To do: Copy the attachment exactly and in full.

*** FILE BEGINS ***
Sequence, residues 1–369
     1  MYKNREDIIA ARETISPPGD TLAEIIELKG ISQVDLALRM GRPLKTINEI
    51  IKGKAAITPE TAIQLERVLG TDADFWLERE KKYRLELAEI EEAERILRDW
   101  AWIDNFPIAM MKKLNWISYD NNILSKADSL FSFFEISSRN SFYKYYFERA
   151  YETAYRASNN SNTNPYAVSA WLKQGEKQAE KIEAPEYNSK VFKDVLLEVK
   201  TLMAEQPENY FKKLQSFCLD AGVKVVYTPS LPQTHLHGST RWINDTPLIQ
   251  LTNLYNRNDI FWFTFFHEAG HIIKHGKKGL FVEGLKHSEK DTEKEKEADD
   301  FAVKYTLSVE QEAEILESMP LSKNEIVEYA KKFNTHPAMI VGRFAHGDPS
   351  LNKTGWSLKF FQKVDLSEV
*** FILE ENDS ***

Sequence, residues 1–369
     1  MYKNREDIIA ARETISPPGD TLAEIIELKG ISQVDLALRM GRPLKTINEI
    51  IKGKAAITPE TAIQLERVLG TDADFWLERE KKYRLELAEI EEAERILRDW
   101  AWIDNFPIAM MKKLNWISYD NNILSKADSL FSFFEISSRN SFYKYYFERA
   151  YETAYRASNN SNTNPYAVSA WLKQGEKQAE KIEAPEYNSK VFKDVLLEVK
   201  TLMAEQPENY FKKLQSFCLD AGVKVVYTPS LPQTHLHGST RWINDTPLIQ
   251  LTNLYNRNDI FWFTFFHEAG HIIKHGKKGL FVEGLKHSEK DTEKEKEADD
   301  FAVKYTLSVE QEAEILESMP LSKNEIVEYA KKFNTHPAMI VGRFAHGDPS
   351  LNKTGWSLKF FQKVDLSEV